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In election year, Indonesian artists turn to satire
February 11, 2009 / 9:33 AM / 9 years ago

In election year, Indonesian artists turn to satire

JAKARTA (Reuters Life!) - Indonesia holds general elections this year and according to some artists disillusioned by their country’s decade-old democracy, the candidates are little better than monkeys, clowns and drunks.

An exhibition entitled “Vox Populi” or “Voice of the People,” on display in Jakarta this week, explores how many Indonesians regard their politicians ahead of parliamentary and presidential elections in April and July.

“We are trying to live in a democracy, to live a better way, but there are so many things that need to be corrected. The artists are thinking about the many types of democracy that exist these days,” said curator Tubagus P. Svarajati.

Ivan Haryanto, an artist based in the Javanese cultural city of Yogyakarta, depicts the streets of Jakarta, emblazoned with advertisements and political posters, as seen from inside a bajaj, the noisy open-sided three-wheelers that provide cheap public transport for many poorer Indonesians.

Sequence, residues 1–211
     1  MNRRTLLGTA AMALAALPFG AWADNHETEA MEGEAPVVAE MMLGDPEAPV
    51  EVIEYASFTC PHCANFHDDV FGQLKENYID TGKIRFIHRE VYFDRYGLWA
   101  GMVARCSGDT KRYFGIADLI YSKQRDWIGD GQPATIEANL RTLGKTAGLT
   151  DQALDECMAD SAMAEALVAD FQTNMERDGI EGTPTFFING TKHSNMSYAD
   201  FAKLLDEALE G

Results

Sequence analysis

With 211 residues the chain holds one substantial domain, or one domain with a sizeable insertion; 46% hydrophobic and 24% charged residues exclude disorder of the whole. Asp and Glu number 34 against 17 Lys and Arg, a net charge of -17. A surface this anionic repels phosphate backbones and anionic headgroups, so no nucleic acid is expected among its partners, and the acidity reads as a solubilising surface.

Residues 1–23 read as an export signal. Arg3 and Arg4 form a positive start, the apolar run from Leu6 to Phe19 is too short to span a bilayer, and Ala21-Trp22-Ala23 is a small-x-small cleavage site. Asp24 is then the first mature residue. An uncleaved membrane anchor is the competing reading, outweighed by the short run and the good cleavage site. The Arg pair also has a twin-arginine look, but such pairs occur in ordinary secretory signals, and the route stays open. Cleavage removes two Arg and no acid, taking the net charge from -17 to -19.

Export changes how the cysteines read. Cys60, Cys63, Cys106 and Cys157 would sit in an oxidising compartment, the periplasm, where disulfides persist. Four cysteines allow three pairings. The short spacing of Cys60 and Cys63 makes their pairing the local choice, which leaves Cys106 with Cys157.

One of his oil paintings shows a political poster of a grinning monkey, ears plugged, with the slogan “Vote Me.”

The monkey represents cunning candidates, who act sweet while they are out campaigning but who quickly forget their promises to the voters once they are elected, Haryanto said.

Ads also feature in the poster-like paintings by AS Kurnia, an artist and art teacher from Semarang, in Java.

In one of his works, a yellow banana floats in space above the slogan Partai Cuci Mulut, or Party Wash Your Mouth Out -- a wry comment on the verbal slip-ups and abuse hurled by candidates during campaigning, Kurnia said.

Many works in the exhibition, at Jakarta’s Bentara Budaya Gallery until February 12, depict politicians -- some of whom have been exposed for corruption and poor judgment -- in various unflattering guises, as clowns, or as an alcohol vendor in Ipong Purnama Sidhi’s painting “Republic of Drunks.”

“We hope that some day we’ll live in a real democracy,” Svarajati said.

“I don’t think the situation will get much better, but this is one of the many ways people can express their opinion.”

Editing by Sara Webb and Miral Fahmy

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